What could be one of the most expensive drams of whisky ever to go under the hammer has been sold for an eye-watering £3,400.
The 5cl bottle is believed to contain the almost mythical Malt Mill from Islay that had long tantalised collectors with rumours of its existence.
Even now there is only one confirmed bottle of the stuff in existence which is on display at the Lagavulin distillery on the island.
Its allure stems from the fact it was never bottled as a single malt when it was in production, instead used to create the blend for White Horse.
Before the auction on Sunday night Tam Gardiner, director of Scotch Whisky Auctions, told Scotchwhisky.com: “I haven’t a clue on its value; that’s the whole joy of an auction.”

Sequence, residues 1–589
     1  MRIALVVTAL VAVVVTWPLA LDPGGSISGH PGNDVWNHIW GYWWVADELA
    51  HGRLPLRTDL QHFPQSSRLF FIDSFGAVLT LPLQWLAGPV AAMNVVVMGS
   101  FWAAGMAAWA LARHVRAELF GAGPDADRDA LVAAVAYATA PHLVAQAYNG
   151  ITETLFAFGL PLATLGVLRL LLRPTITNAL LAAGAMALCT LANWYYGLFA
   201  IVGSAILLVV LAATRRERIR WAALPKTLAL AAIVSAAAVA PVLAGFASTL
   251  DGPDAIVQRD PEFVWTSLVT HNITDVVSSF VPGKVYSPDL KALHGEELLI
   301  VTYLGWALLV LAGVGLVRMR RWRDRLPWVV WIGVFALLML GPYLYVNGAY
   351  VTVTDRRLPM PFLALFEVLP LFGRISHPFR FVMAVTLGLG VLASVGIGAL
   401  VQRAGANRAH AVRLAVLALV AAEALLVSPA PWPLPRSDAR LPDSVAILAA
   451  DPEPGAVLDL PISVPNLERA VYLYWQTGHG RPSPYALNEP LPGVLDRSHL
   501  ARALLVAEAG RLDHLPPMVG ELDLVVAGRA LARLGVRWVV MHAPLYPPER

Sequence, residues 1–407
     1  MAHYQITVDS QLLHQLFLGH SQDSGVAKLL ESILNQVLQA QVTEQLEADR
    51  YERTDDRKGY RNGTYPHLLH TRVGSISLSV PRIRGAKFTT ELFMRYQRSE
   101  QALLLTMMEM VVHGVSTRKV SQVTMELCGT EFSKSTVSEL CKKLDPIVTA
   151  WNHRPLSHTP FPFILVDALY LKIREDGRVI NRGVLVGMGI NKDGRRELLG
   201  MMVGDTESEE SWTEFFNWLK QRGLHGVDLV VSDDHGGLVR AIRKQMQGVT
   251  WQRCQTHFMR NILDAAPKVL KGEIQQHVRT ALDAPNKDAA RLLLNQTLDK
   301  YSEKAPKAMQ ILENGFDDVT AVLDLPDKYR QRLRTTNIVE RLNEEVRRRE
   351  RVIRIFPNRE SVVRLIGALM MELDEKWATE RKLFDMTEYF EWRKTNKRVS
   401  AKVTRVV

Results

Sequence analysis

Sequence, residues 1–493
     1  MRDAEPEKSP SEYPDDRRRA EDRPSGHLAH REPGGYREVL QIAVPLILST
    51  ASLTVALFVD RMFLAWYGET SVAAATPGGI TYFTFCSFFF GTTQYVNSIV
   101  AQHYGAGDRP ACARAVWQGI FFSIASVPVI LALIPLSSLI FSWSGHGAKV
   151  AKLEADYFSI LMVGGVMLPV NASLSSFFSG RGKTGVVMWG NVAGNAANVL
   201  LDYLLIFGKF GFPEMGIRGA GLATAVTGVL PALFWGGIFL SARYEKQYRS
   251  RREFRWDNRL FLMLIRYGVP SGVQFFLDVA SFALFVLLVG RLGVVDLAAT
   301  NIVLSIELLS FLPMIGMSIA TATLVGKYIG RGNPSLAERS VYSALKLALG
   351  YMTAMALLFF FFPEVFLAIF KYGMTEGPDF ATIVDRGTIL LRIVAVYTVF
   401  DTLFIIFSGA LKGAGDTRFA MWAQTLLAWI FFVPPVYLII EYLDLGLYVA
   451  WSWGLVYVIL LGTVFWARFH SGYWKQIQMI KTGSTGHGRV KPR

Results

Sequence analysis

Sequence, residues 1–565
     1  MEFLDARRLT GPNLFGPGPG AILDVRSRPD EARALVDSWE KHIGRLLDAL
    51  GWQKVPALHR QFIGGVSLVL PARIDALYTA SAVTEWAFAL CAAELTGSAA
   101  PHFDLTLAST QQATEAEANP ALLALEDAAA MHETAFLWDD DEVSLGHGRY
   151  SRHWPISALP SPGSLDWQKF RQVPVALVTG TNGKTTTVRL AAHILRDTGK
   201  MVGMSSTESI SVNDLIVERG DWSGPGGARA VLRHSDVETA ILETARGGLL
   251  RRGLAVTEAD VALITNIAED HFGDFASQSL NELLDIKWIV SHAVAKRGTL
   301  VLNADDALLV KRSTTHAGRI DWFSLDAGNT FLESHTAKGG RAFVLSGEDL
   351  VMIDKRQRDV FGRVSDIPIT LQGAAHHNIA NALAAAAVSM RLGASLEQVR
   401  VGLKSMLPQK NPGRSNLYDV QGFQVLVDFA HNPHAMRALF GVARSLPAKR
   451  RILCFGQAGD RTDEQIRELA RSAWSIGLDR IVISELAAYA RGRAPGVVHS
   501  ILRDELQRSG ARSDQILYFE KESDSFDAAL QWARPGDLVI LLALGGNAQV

He said: “This never comes up, or very rarely comes up, and the market will set the price for it.”
Until now the majority of collectors believe that since the still that made Malt Mill closed in 1962, most of it had been blended away.
However, two diligent collectors back in the early 1990s claim they got their hands on what was known as a blender’s sample.
Mike Barbakoff got hold of the smallish bottle after meeting a retired Lagavulin distillery worker in Bowmore and offering him just £20 for it.
Then along with Alex Barclay they tasted the bottle and after “nosing and tasting” declared that it was “peaty but nothing special.”
The pair took the sample to independent bottler James MacArthur & Co where it was divided between four miniature 5cl bottles.
Through the years rumours about Malt Mill have abounded even inspiring the storyline of the Ken Loach film called The Angel’s Share.